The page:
It is currently trending on Facebook but if you have not heard the news already, reports indicate that Microsoft plans on laying off 700 employees next week, the first in a long string of layoffs to take place from now through June 2017 – 2,850 layoffs in total to be exact.
The company says the layoffs are coming for two reasons, 1.) the lack of popularity for the Windows phone has resulted in quarterly loses and 2.) the company wants to get back to their roots and become more of an “American based company” like it used to be in the past.
There is no doubt that the Windows phone has been a bit of a failure, this has been well documented by others and I do not want to get into a discussion about that here. What I want to discuss today is the fact that there is more to Microsoft’s decision than a few bad quarterly statements.
Earlier in 2016 I covered a story about Russia’s decision to pull out the US tech market, more specifically Russia’s decision to ditch Microsoft as the countries supplier of computers. This was an important development for Microsoft considering that the Government of Russia operates on over 600,000 Microsoft computers – estimates from Dmitry Peskov Russia’s Press Secretary.
Here is the thing though, it will not just be Russia who does this in the future. What does that mean? projecting the figures forwards, we are talking about millions to tens of millions of computers/computer systems that Microsoft used to sell on the international market, that Microsoft will no longer be selling – of course their quarterly statements are going to start going down.
Projecting this forwards, are you still confused why Microsoft is going to have to start letting some of their employees go in the future?
In response to the announcement that the company was going to start laying off employees, Microsoft CEO Satya Nadella went on to say “We’re a U.S.-based company that operates worldwide and our predominant employment is in the United States. We’ve already created a tremendous amount of high-paying jobs in the U.S. If anything, we’ll double down on what we’ve always done, which is be a U.S. company that operates in the United States very responsibly, but also being a multinational company that contributes into every country that we work in.”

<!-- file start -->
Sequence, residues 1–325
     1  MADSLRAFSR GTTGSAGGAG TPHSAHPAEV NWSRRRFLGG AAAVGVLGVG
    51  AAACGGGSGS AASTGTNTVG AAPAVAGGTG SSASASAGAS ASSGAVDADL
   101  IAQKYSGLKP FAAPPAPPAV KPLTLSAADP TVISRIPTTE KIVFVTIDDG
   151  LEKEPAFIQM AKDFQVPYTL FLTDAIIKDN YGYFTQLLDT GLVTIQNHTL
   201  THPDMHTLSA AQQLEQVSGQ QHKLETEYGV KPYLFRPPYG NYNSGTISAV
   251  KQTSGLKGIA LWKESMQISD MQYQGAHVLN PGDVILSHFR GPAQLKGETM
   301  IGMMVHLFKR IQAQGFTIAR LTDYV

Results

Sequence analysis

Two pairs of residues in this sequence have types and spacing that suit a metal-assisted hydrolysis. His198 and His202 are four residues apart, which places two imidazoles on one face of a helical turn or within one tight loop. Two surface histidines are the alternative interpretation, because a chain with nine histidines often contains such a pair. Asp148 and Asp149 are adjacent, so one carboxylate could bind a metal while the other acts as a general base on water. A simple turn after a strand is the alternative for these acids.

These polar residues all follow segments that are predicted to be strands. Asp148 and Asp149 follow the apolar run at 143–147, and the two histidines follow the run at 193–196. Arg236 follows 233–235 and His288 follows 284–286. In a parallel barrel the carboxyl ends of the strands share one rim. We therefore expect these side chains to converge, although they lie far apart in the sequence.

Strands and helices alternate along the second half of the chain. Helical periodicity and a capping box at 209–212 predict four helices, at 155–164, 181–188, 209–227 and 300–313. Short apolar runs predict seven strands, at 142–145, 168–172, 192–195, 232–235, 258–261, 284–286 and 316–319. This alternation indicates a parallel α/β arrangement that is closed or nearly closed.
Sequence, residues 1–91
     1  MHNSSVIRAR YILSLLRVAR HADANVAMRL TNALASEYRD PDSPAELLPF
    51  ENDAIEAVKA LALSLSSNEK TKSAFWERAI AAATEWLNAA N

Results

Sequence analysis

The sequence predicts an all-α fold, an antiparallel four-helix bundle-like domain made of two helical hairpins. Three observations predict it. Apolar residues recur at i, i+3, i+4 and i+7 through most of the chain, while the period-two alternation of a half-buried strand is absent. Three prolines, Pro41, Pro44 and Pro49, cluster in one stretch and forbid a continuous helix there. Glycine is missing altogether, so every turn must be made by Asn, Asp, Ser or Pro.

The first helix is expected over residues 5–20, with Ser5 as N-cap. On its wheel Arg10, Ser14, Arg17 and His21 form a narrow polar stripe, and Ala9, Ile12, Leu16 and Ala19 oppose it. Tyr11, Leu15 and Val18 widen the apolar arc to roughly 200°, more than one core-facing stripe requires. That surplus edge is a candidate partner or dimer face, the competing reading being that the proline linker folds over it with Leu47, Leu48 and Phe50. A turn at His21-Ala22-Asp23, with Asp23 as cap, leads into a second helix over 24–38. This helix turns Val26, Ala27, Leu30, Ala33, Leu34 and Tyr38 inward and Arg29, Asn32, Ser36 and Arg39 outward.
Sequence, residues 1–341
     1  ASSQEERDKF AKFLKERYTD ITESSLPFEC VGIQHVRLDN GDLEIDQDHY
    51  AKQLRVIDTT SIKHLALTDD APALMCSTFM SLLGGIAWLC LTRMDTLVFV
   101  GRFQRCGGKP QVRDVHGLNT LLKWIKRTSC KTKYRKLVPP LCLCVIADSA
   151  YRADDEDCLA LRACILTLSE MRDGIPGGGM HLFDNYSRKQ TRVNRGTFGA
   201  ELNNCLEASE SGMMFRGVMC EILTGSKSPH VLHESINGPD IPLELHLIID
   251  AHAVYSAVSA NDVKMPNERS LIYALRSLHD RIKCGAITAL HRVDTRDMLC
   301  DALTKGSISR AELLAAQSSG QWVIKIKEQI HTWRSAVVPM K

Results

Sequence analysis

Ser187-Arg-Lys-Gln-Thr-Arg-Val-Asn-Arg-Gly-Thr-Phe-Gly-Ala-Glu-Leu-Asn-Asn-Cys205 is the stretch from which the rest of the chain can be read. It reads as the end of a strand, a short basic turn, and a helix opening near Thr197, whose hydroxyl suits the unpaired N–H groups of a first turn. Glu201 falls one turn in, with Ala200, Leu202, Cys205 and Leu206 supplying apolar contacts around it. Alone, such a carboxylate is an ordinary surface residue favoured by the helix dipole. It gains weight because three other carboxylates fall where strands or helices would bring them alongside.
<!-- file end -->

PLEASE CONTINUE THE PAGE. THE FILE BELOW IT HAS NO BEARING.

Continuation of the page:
There is no doubt some truth to his statement, in fact 64,00 of Microsoft’s 113,000 employees work inside the United States, but I also think the company is trying their hardest to spin the story and pass off their international failures in the name of US Patriotism.
Say what you will about Donald Trump, but ever since Trump won the nomination in November countless companies have stepped forward saying they will no longer build/produce overseas and have promised to create hundreds of thousands of new jobs inside the United States.
While I think it is great that Microsoft wants to bring back some jobs to the United States, I am not naive enough to think that are doing it because they are such strong US Patriots. Microsoft is literally being kicked out of foreign countries, by foreign governments, they are not leaving voluntarily.
Before you go and cry tears of sympathy for Microsoft, consider the following facts:
Bill Gates, the original founder of Microsoft, is literally THE richest man in the world and Microsoft the corporation is arguably THE most globally influential computer company in the world. Even though there are no monopoly laws in the international trade market like there are inside the USA, Microsoft has certainly had a global monopoly in this industry/market for quite some time now.
Even if it means Microsoft loses some money, is anyone really going to be sad if new computer companies start to develop/form/go into business ?
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